Mobile Internet without holding a PDA Brick to your ear

For a (semi) Techie, I’m not that much into gadgets. Until now , there are only three that I’d class as ‘must haves’.

  • Vodafone Broadband internet card – it means I can get the Internet on the train. Living in Drogheda with a lot of clients in Dublin, this means about 10 hours extra a week when I’m now connected.
  • Hard Disk TV recorder – most of the good shows are on after 10pm. I’m up early most mornings and that is way past my bedtime.
  • A Phil and Ted. You either know what this is , or you don’t , but if you have one you’ll swear by it.

Nokia 770
Now I’m going to add a fourth : the Nokia 770 , bought solely on Damien’s recommendation. It’s not a phone , more of a big screen that you can add your existing phone (it connects pretty automatically via bluetooth, and will use any available wireless network). It solves the problem of using internet on your mobile ; before you had to choose between a normal-ish phone with a tiny internet screen, or a large screen but having to hold a brick to your ear to make calls. It’s almost small – about the size of 2 decks of playing cards.

I was getting a bit worried before it arrived as Elly has one and is cursing it, but it solves two problems for me:

  1. If on the train / other location, and can’t use my laptop (e.g. I didn’t get a seat and I’m standing up), then I can still get (fairly decent) access to email and other online services (Google Maps, bookmarks, LinkedIn Social Networking being the ones I’ve tried so far).
  2. When I couldn’t be bothered getting out the laptop (e.g. 5 minutes before a meeting), it’s useful for a quick check.

So, it’s not perfect , but it does the job that I want it to do ; for a little over 100 Euro – Bargain. Yes , it could be quicker, but it does a fairly good job of showing most websites (including this blog, the main site and the wiki). It’s a pity it doesn’t have flash, nor play the BBC internet radio , but I’m sure I can get downloads for it. It does do GoogleTalk for free Voip calls and have other internet radio stations. And , if you’re bored you can use it as an MP3 player. Battery life (4hrs) isn’t great, but (a) the charger is very very light and (b) if I need internet that much I’ll use the laptop.

An added bonus is that I’ve been looking around for a simple ‘Contacts Management’ solution. The 770 has one built in , with more that you can download /access online. Not holding my breath that it will solve this problem as well for me (would never have considered a PDA before), but icing on the cake if it does.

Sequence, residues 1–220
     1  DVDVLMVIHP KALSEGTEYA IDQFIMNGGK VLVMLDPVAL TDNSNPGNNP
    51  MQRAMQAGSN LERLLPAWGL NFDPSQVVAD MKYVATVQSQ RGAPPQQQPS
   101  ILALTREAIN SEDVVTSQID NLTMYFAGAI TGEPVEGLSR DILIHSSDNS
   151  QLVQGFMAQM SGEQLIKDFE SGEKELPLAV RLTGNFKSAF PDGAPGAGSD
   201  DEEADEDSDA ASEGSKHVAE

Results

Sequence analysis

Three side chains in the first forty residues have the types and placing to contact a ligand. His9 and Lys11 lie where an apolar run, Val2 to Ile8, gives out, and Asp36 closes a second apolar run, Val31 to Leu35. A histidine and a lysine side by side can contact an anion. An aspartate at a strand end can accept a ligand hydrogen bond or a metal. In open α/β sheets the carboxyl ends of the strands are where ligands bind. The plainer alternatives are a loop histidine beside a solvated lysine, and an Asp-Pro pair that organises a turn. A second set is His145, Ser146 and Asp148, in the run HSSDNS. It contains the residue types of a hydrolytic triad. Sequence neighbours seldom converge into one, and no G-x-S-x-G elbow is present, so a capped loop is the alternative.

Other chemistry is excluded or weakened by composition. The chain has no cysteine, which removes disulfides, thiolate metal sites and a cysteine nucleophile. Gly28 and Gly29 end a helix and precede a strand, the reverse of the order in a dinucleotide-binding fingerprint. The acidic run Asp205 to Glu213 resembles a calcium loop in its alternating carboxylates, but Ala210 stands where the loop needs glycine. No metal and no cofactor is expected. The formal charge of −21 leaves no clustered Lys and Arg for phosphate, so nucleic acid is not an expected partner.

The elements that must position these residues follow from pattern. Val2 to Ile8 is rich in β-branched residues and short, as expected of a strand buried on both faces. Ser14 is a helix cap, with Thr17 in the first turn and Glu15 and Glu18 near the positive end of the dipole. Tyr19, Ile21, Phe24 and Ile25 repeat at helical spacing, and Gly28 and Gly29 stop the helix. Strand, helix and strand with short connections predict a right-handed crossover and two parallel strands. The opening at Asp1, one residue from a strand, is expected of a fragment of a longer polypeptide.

As a personal quirk , I like the fact that it’s an open platform (it’s Linux based). What it means for normal people is that there are plenty of 3rd party downloads if there (I’ve added a PDA and a console to monitor web servers) without having to pay through the nose. While I’ve dabbled with development for mobile devices, that wasn’t the main reason for buying this thing.

It will be interesting to see how Conor, Niall , Walter and Gordon are getting on with theirs. And to answer Michele’s question, the email client is ok , but I’ll end up usign Gmail (they’re hosting Firstpartners email , no synch issues.)

Update: Ken also has a review, with real life pictures (give a better flavour of the size of the thing, even though the screen is much sharper in real-life.


  1. How did you get google maps to work? Won’t load for me, says that the browser is not compatible. It’s one site that I really want to get to on the 770.

    Other thing I’m seeing, but not hearing reports from elsewhere is that my 770 is crashing at least once a day and applications are crashing several times a day. Are other people seeing this or did I just get a duff unit?

  2. Elly,

    I haven’t used it in too much detail yet (I’m trying to get something completely unrelated working) so I’m still in the ‘Honeymoon’ period.

    – The Google maps thing was a quick check of the site, so I could be wrong. Maybe I’m getting old , but I thought there was a plain HTML version of it?